Feeling like watching Sarah Palin's speech tonight? Frank
J suggests a drinking game:
SARAH PALIN SPEECH DRINKING GAME RULESSo I've started already. When does the game end?
* Every time you get nervous, take a shot.
You don't have to wait until the speech starts to begin the game.
Feeling bitter? So is Arnold
Kling, and he knows where to point the finger.
To me, political campaigns are not sacred events, to be eagerly anticipated and avidly followed. They are brutal assaults on reason. I look forward to election season about as much as a gulf coast resident looks forward to hurricane season.I recommend the Dual-Costello Strategy:
- Try to be amused. (Elvis)
- Try to find out who's on first. (Lou)
- Try to be amused. (Elvis)
Feeling mortal? You might want to check out Lore Sjöberg's
of alternate options for disposal of your remains. (My favorite is the
same as Lore's and it's here. The "Marine" service,
please. A little pricier than the other packages, but… way
If only Obama had picked someone named "Drome" for the VP spot, then it could have been the "Palin-Drome Debate."
MODERATOR: Governor Palin, shouldn't the Vice-Presidential limo be replaced by something with better gas mileage?This has been your Pun Salad Sophisticated Political Analysis for today.
PALIN: A Toyota! Race fast, safe car: a Toyota.
MODERATOR: Congressperson Drome, the Supreme Court recently issued a very divided decision…
DROME: Some men interpret nine memos!
MODERATOR: Governor Palin, will John McCain be taking any steps to stop the propagation of Soviet weaponry into space?
PALIN: No, it never propagates if I set a gap or prevention.
MODERATOR: Congressdroid Drome, what did Senator Obama say about his openness to alternate views and opinions?
DROME: "Dogma: I am God."
MODERATOR: Governor Palin, any clichés you'd like to use to wind up our debate?
PALIN: Are we not drawn onward, we few, drawn onward to new era?
MODERATOR: Congresscritter Drome, Governor Palin's the clear winner here. Thoughts?
DROME: Dammit, I'm mad!
I'd like to mention (however belatedly) that I had a good time over Labor Day weekend, taking a short overnight trip up north with Mrs. Salad to see the great singer-songwriter Marc Cohn.
Marc—I call him Marc—had a small backup band: Shane Fontayne on electric guitar, Jon Ossman on string bass, both doing backup vocals. Marc alternated between grand piano, acoustic guitar, and, for one song, electric keyboard.
(They usually have a drummer, but he was not present due to what Marc mysteriously called a "clerical error." In a tribute to professional musicianship, they covered his absence quite well; in fact, if we hadn't been told that there usually was a drummer, we wouldn't have guessed it on our own.)
It was a fine show. Marc did a mixture of his early hits and selections off his most recent album, Join the Parade. His between-song banter and storytelling was funny and engaging, and the audience was ecstatically responsive.
It's a little regrettable that Marc hasn't enjoyed recent popular recognition like he had in the early 90's with "Walking in Memphis" and "Silver Thunderbird." (My first listen to "Silver Thunderbird" made me a Marc Cohn fan for life.) On the other hand, it makes it much easier to see Marc in a relatively intimate venue. And he seems OK with it too.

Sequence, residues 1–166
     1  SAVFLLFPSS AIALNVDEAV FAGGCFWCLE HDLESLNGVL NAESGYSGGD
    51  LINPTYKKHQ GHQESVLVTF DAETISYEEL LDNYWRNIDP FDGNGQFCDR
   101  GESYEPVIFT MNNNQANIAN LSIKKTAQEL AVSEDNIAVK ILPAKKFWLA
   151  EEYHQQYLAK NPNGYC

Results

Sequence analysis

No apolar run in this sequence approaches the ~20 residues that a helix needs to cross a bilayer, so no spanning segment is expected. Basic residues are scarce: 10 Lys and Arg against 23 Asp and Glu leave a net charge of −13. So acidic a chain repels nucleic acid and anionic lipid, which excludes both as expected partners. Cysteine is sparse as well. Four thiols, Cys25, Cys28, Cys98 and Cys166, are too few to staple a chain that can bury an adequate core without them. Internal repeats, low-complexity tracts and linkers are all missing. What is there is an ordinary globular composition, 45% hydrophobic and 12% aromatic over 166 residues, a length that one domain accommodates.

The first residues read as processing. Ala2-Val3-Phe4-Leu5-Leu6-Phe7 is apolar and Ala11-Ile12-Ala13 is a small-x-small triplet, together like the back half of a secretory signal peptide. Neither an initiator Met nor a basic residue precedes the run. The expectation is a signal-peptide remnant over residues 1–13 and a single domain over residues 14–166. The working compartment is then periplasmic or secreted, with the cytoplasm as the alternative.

Speaking of which: the venue was the Stone Mountain Arts Center in Brownfield, Maine. (Irrelevant question: how uncreative do you have to be to name a mountain "Stone Mountain"?) This is a very attractive and modern barn-style music hall, set, roughly, in the middle of nowhere. But, surprisingly, a lot of other people were able to find it besides us: it was packed. They serve pre-concert grub and drinks; although we did not partake, it looked good. (Marc had chicken, and raved about it throughout his set.)
We overnighted at Eaton, New Hampshire's Inn at Crystal Lake, a historic Greek-Revival house converted to a bed-and-breakfast. They offered a package deal: lodging, dinner, concert tickets, a round-trip shuttle, breakfast. All excellent.
Summary: Marc Cohn, Stone Mountain Arts Center, Inn at Crystal Lake; all recommended for you in any combination.
(No money, and nothing of monetary value, was accepted in exchange for those plugs, unfortunately.)
I was deceived! Mr. James Lileks described this movie in a Bleat last month, and I was intrigued enough to put it in my Blockbuster queue. But…
Anyway: it's a noir from 1959, a variety where the unlikeable protagonists make a lot of obviously stupid decisions on the way to their inevitable doom. Ed Begley Sr. is an ex-cop, bitter about being kicked off the force for refusing to testify about corruption. His plan is to knock over a bank in the sleepy Hudson River Valley town of "Melton"; it seems like easy pickings. But he needs a couple guys to help. So—obviously—he picks a whiny sadistic racist, played by Robert Ryan, and a whiny gambling-addicted black guy, played by Harry Belafonte. Good plan, Ed Begley, Sr.!
There's a lot of dialog (mostly unnatural and incoherent), acting (mostly over-), and "character development" (mostly clichéd and uninteresting) on the way to the ill-fated heist. We get to meet Ryan's and Belafonte's significant others, their acquaintances, and get to know way too much about their motivation in falling in with Begley and his idiotic scheme.
But finally, the big finish, and everything is tidily wrapped up in a heavy-handed metaphor about American race relations. (Remember: 1959.) I'll spoil it: instead of trying to escape from the cops hot on their trail, Ryan and Belafonte start shooting at each other. Unfortunately, they do this in a flammable environment and merely manage to blow themselves up. A cop at the end is standing over their charred bodies, and is asked "Which is which?" He responds: "Does it matter?"
Oh, I get it!